When the Royal Canadian Navy decided to advance their tactical drone operations, certain requirements needed to be met. They were looking for a drone with an extended flight time and range of distance. They also needed a drone that could be launched manually. Many military grade drones are launched from a docking platform. On a ship, such a platform would first have to be bolted down to the deck, a waste of limited space. This is why the Royal Canadian Navy turned to the Simi Valley, California aerospace defense contractor AeroVironment to provide a drone perfectly suited to the demands of navy operations.
AeroVironment was founded in 1971 by Paul MacCready, an aeronautical engineer who dedicated his carer to developing aerospace vehicles that, as he would say, could “do more with less”. AeroVironment went on to design groundbreaking aerospace vehicles like the first successful human powered aircraft, the Gossamer Condor, as well as several unmanned vehicles for NASA such the Pathfinder series, Helios, and Centurion. Today, under the leadership of President and CEO Wahid Nawabi, AeroVironment has shifted their focus to developing drones for military resources. With drones like the Raven, Wasp, and Puma, AeroVironment has become the primary small drone supplier for the United States Pentagon.
The tactical drones AeroVironment designs, like the Puma, are best known for being small and lightweight. This enables them to be launched manually from any location in the world. Military officers could be in the middle of a desert, on the side of a cliff, deep in a forest, or on the deck of a warship and still be able to deploy a drone. In 2019, the Royal Canadian Navy began a trial program with the Puma onboard two Kingston class defense ships. Officers of the Naval Combat Information Operator and Weapons Engineering Technician teams enrolled in a three week course with the Canadian Special Operations Forces Command to learn how to use AeroVironment’s Puma drones.
The officers chosen to operate the Puma drones had to learn how to launch and retrieve the drones. Unlike most drones that are launched from the ground or a platform, Puma if launched by throwing it in the air, think of a giant paper airplane. Operating the drone requires two people, a mission operator, and a vehicle operator. Working as a team the two officers unpack the Puma from a space saving case and assemble it in just a few moments. The vehicle operator then hoists the lightweight drone over their shoulder to launch it up into the air. To retrieve, the drone is guided down to the ground or the water. Because it is so light, the drone skids to a stop without crashing. The team then gathers up and repacks the drone into its case.
The Puma 3 AE (All Environment) weighs only 15lbs, is 4.6ft long, with a 9.2ft wingspan. It has a flight time of 2.5 hours and a distance range of 12 nautical miles that can handle the demands of all weather environments. It can fly at an altitude of 10,500ft and is virtually silent to anyone below once it reaches an altitude of 500ft. Royal Canadian Navy Lieutenant-Commander Atkinson explained that with the Puma, the ship’s crew will be able to see beyond the horizon if there are any dangers out of sight. “It helps the commander then make a decision on how they want to approach, if there any risks, and what the concerns may be,” Atkinson said.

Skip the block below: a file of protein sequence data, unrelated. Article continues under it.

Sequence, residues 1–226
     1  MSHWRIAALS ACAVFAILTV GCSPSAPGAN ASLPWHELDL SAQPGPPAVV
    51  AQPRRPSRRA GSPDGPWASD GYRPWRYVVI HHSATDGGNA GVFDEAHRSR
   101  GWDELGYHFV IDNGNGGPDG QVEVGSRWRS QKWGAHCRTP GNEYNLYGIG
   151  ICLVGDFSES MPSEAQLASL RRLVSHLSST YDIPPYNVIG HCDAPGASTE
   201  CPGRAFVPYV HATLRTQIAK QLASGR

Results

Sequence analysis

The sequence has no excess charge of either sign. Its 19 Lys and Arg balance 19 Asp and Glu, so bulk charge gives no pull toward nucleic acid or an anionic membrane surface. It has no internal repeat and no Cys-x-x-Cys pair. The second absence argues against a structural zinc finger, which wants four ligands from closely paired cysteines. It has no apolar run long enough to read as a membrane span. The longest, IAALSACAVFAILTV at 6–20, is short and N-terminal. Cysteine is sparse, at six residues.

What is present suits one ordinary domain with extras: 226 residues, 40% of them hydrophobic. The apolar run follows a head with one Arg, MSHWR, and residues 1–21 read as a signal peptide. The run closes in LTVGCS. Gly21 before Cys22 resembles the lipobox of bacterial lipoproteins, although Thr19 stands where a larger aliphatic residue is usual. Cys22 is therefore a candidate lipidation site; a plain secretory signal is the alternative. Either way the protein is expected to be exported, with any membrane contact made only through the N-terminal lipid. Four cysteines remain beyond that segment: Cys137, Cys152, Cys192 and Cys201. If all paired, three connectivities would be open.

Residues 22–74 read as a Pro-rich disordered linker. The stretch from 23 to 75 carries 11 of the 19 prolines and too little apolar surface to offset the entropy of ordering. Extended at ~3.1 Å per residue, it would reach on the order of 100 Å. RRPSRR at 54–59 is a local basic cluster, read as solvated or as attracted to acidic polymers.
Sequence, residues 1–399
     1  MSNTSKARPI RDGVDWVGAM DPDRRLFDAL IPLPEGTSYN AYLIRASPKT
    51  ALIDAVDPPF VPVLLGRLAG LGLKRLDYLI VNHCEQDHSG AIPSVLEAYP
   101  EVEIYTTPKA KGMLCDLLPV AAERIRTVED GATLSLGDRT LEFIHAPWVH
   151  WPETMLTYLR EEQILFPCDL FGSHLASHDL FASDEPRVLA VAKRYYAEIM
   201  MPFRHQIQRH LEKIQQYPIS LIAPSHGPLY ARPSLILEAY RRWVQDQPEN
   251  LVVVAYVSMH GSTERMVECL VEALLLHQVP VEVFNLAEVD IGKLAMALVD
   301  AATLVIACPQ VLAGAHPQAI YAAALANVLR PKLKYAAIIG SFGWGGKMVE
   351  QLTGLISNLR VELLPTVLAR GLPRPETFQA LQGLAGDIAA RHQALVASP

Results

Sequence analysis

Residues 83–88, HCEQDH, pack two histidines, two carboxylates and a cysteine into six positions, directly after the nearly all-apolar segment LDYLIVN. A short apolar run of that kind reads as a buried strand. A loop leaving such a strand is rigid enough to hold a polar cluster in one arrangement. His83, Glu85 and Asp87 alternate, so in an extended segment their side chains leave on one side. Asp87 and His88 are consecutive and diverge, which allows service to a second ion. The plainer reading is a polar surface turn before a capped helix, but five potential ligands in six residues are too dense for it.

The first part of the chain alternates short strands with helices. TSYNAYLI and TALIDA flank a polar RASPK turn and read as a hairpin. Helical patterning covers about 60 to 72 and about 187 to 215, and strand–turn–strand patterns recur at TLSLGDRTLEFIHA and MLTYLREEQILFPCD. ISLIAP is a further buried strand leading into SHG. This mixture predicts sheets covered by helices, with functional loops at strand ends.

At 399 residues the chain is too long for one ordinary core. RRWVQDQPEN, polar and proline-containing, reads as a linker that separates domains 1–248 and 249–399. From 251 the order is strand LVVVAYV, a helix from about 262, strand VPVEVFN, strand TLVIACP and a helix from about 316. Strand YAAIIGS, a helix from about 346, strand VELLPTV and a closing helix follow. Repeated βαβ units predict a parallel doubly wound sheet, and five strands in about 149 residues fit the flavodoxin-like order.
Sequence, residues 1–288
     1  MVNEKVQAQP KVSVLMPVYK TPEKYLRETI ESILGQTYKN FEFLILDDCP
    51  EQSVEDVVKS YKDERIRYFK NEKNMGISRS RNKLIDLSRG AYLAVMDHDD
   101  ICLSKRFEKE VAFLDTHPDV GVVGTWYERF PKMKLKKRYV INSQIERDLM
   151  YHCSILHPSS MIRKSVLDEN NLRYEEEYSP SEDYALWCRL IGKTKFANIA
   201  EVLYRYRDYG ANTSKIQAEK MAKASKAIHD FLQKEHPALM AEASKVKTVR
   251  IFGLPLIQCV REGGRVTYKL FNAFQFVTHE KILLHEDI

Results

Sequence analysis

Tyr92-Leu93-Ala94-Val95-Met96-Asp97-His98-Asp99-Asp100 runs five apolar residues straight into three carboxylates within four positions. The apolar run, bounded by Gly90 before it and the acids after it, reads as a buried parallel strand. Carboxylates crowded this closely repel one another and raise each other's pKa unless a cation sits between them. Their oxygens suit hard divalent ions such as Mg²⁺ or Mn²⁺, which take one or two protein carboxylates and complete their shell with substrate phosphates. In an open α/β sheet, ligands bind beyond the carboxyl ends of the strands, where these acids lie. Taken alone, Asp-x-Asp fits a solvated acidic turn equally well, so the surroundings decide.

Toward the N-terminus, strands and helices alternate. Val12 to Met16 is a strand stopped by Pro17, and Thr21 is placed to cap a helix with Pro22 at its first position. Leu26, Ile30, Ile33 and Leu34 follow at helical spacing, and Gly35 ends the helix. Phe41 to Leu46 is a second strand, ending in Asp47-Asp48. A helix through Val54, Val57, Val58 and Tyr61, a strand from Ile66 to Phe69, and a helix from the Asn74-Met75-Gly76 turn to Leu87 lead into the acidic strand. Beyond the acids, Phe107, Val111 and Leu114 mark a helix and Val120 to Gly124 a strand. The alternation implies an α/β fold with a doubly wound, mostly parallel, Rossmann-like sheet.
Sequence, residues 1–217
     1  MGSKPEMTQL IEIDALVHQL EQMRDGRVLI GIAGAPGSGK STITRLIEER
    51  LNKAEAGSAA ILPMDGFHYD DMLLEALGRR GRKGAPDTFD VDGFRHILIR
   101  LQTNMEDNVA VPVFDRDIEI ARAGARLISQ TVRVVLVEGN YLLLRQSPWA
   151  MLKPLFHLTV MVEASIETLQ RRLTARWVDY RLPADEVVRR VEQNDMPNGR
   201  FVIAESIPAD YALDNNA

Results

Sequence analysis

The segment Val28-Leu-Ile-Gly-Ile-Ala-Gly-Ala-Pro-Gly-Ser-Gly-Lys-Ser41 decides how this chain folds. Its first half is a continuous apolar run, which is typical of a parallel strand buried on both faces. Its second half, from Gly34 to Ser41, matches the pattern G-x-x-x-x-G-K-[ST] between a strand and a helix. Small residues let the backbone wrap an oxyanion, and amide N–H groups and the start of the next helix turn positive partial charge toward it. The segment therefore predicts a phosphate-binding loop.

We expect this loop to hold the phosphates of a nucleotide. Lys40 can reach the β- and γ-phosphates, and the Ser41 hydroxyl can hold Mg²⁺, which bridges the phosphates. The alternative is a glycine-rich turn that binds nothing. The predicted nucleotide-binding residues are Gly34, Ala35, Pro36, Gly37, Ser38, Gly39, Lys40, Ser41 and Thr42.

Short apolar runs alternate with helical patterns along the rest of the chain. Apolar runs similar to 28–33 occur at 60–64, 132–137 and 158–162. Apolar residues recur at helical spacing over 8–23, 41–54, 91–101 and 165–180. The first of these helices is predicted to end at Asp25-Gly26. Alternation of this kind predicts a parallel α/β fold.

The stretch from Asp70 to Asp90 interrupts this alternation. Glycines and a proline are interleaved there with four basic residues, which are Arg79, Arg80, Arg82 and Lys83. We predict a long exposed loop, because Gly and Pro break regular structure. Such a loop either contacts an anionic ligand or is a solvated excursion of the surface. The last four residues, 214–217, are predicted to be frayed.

In December 2020, AeroVironment announced the arrival of its Extended Range Antenna (ERA), a lightweight component that is compatible with Puma and AeroVironment’s full range of tactical drones. ERA narrows the antenna beamwidth so that Puma can be operated within an extended range, an additional 24.9 miles. An AeroVironment press release from December 10, 2020, states, “By adding the ERA kit to their existing AeroVironment RF antenna, UAS flight operators can immediately expand their operational capabilities, gaining actionable battlefield intelligence at greater stand-off range to maximize their stealth and safety. When used in combination with other AeroVironment network connectivity options, the ERA provides an enhanced level of operational flexibility. This enables teams to coordinate command and control transfer of UAS, such as Puma LE, easily over greater distances, maximizing the aircraft’s multi-mission capabilities, in day or night operations, across dynamically changing environments.”
The drone industry is constantly changing to meet the needs of its consumers. While commercial drone use has grown tremendously over the last few years, military drones still make up the largest sector for the overall drone industry. By creating alternative drones, AeroVironment has filled a niche in the military drone market. As stated on their website, “At AeroVironment, our purpose is to secure lives and advance sustainability through transformative innovation. Our solutions give our customers a fresh vantage point, positioning them to see the world with new eyes and extending their reach beyond the line of sight…Whether they are warfighters searching for an enemy, border patrol agents searching for people in need of assistance, or telecom providers linking millions to the digital economy, our customers choose AeroVironment because our systems generate actionable intelligence reliably, creating a path to goals that would otherwise be unattainable.”